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POLITICS

France passes law to give rural noises and smells protected status

From crowing roosters to the whiff of barnyard animals, the "sensory heritage" of France's countryside will now be protected by law from attempts to stifle the everyday aspects of rural life from newcomers looking for peace and quiet.

France passes law to give rural noises and smells protected status
Noisy cockerels now have the full backing of the law. Photo: AFP

French senators on Thursday gave final approval to a law proposed in the wake of several high-profile conflicts by village residents and vacationers, or recent arrivals derided as “neo-rurals”.

A rowdy rooster named Maurice in particular made headlines in 2019 after a court in western France rejected a bid to have him silenced by neighbours who had purchased a holiday home nearby.

READ ALSO How a noisy cockerel exposed France's urban and rural divide

 

“Living in the countryside implies accepting some nuisances,” Joel Giraud, the government's minister in charge of rural life, told lawmakers.

Cow bells (and cow droppings), grasshopper chirps and noisy early-morning tractors are also now considered part of France's natural heritage that will be codified in its environmental legislation.

“It sends a strong message,” said Pierre-Antoine Levi, the senator who acted as rapporteur for the bill.

“It can act as a useful tool for local officials as they carry out their educational and mediation duties,” he said.

The law is emblematic of growing tensions in the countryside between longtime residents and outsiders whose bucolic expectations often clash with everyday realities.

Corinne Fesseau and her rooster Maurice became the image of the fight when she was brought to court by pensioners next door over the animal's shrill wake-up calls.

Critics saw the lawsuit as part of a broader threat to France's hallowed rural heritage by outsiders and city dwellers unable or unwilling to understand the realities of country life.

Thousands of people signed a “Save Maurice” petition, and a judge eventually upheld the cock-a-doodle-doos.

In another case from 2019, a woman in the duck-breeding heartland of the Landes region was brought to court by a newcomer neighbour fed up with the babbling of the ducks and geese in her back garden.

A court in southwest France also threw out that case.

Member comments

  1. About time too. Very sensible to have this enshrined in law especially as the post-Covid world will most likely see more city folk moving outward into the countryside.

  2. If you live in a rural area you accept the good things about country living and maybe, for some people, the not so good, roosters crowing, farmyard smells etc just make me realize how lucky I am to live in the country!

  3. Absolutely totally unnecessary. Why do we French think that everything has to made into law. Is it a relic of the mob mentality of the Revolution. vie au roi

  4. It was once said of a politician that “He shines and stinks like rotten mackerel in moonlight.” I wonder if his outpourings would be protected.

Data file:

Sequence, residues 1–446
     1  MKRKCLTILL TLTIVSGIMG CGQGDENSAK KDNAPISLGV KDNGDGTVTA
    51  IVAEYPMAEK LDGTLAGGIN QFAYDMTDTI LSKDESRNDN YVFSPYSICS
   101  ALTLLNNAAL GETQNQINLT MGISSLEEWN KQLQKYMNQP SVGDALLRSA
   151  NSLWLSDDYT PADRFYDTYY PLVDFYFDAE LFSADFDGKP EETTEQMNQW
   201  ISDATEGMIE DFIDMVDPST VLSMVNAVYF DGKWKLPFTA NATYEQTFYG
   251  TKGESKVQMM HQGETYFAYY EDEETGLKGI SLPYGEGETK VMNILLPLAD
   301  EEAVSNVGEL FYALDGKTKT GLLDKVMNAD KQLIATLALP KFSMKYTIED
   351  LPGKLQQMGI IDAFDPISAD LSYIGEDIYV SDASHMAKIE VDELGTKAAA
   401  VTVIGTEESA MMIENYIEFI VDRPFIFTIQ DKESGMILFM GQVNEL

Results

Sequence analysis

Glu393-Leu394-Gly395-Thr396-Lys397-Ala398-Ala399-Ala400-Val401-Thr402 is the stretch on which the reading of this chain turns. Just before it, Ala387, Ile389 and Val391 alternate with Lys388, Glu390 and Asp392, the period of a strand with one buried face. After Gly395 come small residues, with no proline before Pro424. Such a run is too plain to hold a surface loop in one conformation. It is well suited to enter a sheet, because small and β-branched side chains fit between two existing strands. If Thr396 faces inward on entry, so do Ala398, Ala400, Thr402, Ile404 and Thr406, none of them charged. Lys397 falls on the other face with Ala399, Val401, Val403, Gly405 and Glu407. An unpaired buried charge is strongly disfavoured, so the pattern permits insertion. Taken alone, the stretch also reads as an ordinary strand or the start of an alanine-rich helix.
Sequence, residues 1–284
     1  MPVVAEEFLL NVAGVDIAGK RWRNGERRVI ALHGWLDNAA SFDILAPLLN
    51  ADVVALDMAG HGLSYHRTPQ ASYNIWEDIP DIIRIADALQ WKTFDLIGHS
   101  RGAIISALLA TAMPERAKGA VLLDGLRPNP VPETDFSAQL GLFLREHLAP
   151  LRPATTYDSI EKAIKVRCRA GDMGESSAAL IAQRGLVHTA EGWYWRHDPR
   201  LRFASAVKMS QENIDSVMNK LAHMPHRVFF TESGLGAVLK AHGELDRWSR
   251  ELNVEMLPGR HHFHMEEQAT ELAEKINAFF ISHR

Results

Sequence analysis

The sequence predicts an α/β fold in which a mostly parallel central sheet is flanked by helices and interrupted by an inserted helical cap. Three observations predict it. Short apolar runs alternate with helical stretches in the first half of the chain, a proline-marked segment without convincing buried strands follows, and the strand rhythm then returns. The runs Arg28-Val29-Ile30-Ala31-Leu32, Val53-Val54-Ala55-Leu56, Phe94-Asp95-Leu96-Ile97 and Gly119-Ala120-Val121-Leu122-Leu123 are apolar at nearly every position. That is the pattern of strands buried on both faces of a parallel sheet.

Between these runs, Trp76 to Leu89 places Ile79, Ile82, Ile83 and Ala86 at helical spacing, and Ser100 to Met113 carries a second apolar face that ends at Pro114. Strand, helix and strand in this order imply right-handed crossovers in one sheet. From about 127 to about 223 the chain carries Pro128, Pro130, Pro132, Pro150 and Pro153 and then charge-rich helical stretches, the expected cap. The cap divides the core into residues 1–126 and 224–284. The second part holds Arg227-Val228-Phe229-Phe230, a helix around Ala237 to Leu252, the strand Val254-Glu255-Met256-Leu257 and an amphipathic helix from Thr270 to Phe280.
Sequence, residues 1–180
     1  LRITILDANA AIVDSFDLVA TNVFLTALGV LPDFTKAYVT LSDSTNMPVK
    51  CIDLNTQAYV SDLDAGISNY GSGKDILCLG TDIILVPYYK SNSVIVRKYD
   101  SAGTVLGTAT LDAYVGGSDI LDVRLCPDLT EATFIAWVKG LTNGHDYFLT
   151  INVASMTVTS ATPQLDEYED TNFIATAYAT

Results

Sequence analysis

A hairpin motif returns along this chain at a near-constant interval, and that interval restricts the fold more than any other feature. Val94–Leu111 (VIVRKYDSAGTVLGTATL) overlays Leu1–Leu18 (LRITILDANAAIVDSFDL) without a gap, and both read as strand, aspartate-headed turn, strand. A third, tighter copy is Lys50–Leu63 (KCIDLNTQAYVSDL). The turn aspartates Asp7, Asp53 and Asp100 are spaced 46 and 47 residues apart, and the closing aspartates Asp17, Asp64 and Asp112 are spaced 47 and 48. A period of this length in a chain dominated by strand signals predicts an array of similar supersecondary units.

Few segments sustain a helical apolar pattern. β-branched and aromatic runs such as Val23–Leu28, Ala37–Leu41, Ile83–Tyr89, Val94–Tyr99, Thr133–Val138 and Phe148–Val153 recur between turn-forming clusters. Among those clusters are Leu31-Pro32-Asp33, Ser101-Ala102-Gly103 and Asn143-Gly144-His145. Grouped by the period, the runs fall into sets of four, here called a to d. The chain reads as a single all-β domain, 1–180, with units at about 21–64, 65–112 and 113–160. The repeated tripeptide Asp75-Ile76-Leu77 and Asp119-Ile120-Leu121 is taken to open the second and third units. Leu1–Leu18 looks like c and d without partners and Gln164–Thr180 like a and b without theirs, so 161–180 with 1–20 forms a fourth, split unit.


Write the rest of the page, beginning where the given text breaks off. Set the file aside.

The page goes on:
5. The real problem with noise in the countryside, is the one created by the screeching children staying in bloody gites and their loud mouthed British parents.

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POLITICS

Macron calls for stricter Twitter controls on Covid disinformation

French President Emmanuel Macron criticised Twitter's new boss Elon Musk on Thursday, saying the entrepreneur was wrong to drop the fight against Covid disinformation as he slashes back content moderation on the platform.

Macron calls for stricter Twitter controls on Covid disinformation

With his country facing a fresh surge in coronavirus infections, Macron said the subject of misleading Covid information should be addressed head on, not swept under the rug.

“I think this is a big issue,” Macron, on a state visit to the United States, told broadcaster ABC. “What I push very much, for one, is exactly the opposite: more regulation.”

He said such protections have been implemented and enforced in France and “at the European level.”

Freedom of expression remains paramount, Macron insisted, “but there is responsibilities and limits” to what can be written and disseminated.

“You cannot go into the streets and have a racist speech or anti-Semitic speech,” the French leader said. “You cannot put at risk the life of somebody else. Violence is never legitimate in democracy.”

Macron’s concept of freedom of expression within acceptable limits is far from the libertarian approach of Musk, a self-described “free speech absolutist” who has sacked many of the Twitter employees tasked with content moderation.

Musk has begun to allow Twitter users banned from the platform for posting disinformation, such as former US president Donald Trump, to return.

And it emerged this week that Twitter has stopped enforcing a rule preventing users from sharing misleading information about Covid-19 and vaccine effectiveness.

The billionaire Musk has made no secret of his fierce opposition to health restrictions put in place to fight the pandemic, especially when they meant the temporary shuttering of his Tesla electric vehicle factory in California.

“To say that they can not leave their house and they will be arrested if they do… this is fascist. This is not democratic, this is not freedom,” Musk raged in April 2020 on a conference call with analysts.

On Wednesday the European Union issued a sharp warning to Musk, saying he must do “significantly” more to fight disinformation, such as reinforcement of content moderation, in order to comply with EU law.

“There is still huge work ahead” for Twitter, said Thierry Breton, the EU commissioner for the internal market.

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